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How to Repay Your Forbearance

Millions of people living in the U.S. have struggled financially during the COVID-19 pandemic. When lenders began offering options for forbearance, according to a Northwestern Mutual 2020 study, roughly 26% of U.S. adults took advantage of deferral plans, which included mortgages, rent, credit card bills, utilities, student loans, and auto loans. However, depending on when you opted to defer, your grace period may be ending soon.

When it comes to paying back your forbearance, whether you deferred on your mortgage, student loan, or credit card, you have varying options—some that may work better for you than others. 

Here’s what you should know:


Both federally backed mortgage servicers and student loan lenders were required by the government to extend the forbearance period, until June 30 for mortgages and originally until Sept. 30 for student loans. However, the new deferment period extends until January 31, 2022. When it comes to paying back your mortgage forbearance, there are a number of options. You can choose to follow a repayment plan, which adds a portion of your forbearance balance to your regular monthly mortgage payment until it’s paid off. If you can afford to pay a little bit extra, this is an efficient way of eliminating your extra mortgage debt.

Under the CARES Act, lenders cannot require you to repay your forbearance balance in one lump sum (reinstatement), but if at the time your forbearance ends you can afford it, then you have the option to pay it off entirely.

With a deferral or partial claim, you can defer your forbearance balance until you have paid off your mortgage, or your loan payments will be put into a junior lien, which is repayable when the owner refinances, sells, or terminates their mortgage.

Foreclosure is the worst possible scenario, so there are some who may end up selling their homes if they can’t make the payments. Of course, there are solutions if that isn’t an option for you. Try applying for a loan modification, which would lower your interest rate or balance, or extends your mortgage repayment plan so that your monthly payments are more affordable.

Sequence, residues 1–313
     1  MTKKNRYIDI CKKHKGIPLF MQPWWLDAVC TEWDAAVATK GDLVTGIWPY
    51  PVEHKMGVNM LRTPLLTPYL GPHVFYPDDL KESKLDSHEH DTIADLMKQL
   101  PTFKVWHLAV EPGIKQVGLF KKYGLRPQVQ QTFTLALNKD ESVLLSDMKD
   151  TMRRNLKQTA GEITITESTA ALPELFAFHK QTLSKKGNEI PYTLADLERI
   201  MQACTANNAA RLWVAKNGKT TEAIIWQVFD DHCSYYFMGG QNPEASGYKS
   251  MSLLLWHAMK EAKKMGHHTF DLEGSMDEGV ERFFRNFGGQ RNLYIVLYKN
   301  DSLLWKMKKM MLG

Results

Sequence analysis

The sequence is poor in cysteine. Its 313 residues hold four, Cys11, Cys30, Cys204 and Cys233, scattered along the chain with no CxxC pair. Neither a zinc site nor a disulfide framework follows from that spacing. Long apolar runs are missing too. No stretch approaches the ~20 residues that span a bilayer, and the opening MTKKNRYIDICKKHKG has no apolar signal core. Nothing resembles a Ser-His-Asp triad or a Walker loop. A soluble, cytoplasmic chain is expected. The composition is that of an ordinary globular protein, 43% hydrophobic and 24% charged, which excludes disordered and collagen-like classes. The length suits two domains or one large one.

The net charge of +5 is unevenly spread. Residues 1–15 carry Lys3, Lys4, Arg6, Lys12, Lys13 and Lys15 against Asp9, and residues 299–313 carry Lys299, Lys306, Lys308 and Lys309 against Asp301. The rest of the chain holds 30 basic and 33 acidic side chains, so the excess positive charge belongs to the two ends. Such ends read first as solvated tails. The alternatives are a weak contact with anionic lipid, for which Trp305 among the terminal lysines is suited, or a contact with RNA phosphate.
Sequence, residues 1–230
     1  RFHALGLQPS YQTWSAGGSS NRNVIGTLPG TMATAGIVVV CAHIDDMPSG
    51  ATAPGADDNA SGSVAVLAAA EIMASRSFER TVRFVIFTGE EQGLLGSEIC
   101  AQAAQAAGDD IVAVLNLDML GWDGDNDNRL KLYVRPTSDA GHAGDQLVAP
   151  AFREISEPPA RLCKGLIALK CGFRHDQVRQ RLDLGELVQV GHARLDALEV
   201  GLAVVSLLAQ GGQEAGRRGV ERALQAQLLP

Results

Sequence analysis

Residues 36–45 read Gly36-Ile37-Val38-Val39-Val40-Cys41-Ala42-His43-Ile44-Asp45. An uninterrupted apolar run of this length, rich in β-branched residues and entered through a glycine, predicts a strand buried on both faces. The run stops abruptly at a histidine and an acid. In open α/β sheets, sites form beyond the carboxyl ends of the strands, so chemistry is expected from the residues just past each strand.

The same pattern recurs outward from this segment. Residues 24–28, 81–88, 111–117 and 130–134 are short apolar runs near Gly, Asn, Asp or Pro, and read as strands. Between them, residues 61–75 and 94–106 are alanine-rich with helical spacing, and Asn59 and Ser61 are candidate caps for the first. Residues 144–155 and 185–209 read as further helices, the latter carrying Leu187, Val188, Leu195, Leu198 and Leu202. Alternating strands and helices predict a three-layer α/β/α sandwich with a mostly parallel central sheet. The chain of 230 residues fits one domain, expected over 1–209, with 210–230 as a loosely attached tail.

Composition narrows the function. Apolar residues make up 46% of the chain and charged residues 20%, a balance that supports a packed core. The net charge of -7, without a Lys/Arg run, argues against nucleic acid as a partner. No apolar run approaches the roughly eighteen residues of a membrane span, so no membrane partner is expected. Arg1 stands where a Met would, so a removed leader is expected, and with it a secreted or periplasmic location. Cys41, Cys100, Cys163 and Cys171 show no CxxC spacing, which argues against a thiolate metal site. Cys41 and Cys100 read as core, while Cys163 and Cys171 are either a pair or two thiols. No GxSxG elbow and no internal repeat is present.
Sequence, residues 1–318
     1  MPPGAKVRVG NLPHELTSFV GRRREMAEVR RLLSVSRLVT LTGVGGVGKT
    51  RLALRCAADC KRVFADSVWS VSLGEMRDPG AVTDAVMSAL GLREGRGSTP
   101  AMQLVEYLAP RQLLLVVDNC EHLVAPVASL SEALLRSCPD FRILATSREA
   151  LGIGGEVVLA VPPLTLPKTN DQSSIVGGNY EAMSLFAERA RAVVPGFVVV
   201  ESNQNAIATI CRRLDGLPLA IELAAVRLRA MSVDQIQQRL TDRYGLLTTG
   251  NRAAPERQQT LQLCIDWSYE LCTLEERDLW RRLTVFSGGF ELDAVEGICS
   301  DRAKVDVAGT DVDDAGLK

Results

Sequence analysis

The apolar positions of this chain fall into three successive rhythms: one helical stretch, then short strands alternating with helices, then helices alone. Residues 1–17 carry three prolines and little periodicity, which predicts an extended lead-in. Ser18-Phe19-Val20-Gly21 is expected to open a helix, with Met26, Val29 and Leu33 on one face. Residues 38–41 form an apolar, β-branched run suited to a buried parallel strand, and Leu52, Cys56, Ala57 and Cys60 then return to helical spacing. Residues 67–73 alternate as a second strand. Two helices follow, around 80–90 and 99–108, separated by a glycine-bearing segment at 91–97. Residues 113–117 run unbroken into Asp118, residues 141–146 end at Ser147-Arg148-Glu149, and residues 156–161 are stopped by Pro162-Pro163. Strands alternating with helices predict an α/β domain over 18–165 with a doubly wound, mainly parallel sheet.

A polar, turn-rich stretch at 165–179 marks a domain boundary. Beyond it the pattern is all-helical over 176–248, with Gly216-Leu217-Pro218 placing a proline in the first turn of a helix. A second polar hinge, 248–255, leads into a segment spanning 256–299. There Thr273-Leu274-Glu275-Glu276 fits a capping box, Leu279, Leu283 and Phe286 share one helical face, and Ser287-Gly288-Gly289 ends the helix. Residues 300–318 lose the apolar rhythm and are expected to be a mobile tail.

Student Loans

If you’re still unable to pay your student loans when forbearance ends, it’s possible to apply for deferment. During this time, interest on federally subsidized loans will not accrue, while any interest on unsubsidized loans will be added to your loan. However, if you can afford to pay monthly payments, but don’t (or can’t) want to pay one lump sum, the forbearance balance will be added to your loan balance, extending the amount owed. If you’re able to, paying on your student loan balance occasionally while it’s in forbearance will benefit your overall repayment plan in the long run.

Credit Card Debt

Although credit card forbearance may have been a lifeline during difficult times, it’s only a short-term solution. While your payments are paused, your interest still accrues, and if you still use your card, so has your balance. Knowing when your deferral ends is the first step toward staying on top of incoming debt—and deciding how you’re going to repay your credit debt is the next. There are a number of techniques that can be applied toward paying off credit card debt, but if after forbearance ends you’re under a mountain of debt, it might be time to look into a debt management plan. Credit counselors will work with you and your credit card lenders to consolidate your payments, reduce your interest rate, and pay off your loan in three to five years, all with one affordable monthly payment.

No matter what type of debt repayment you have on the horizon, you will find the right choice for you and your specific situation, ensuring heightened financial well-being.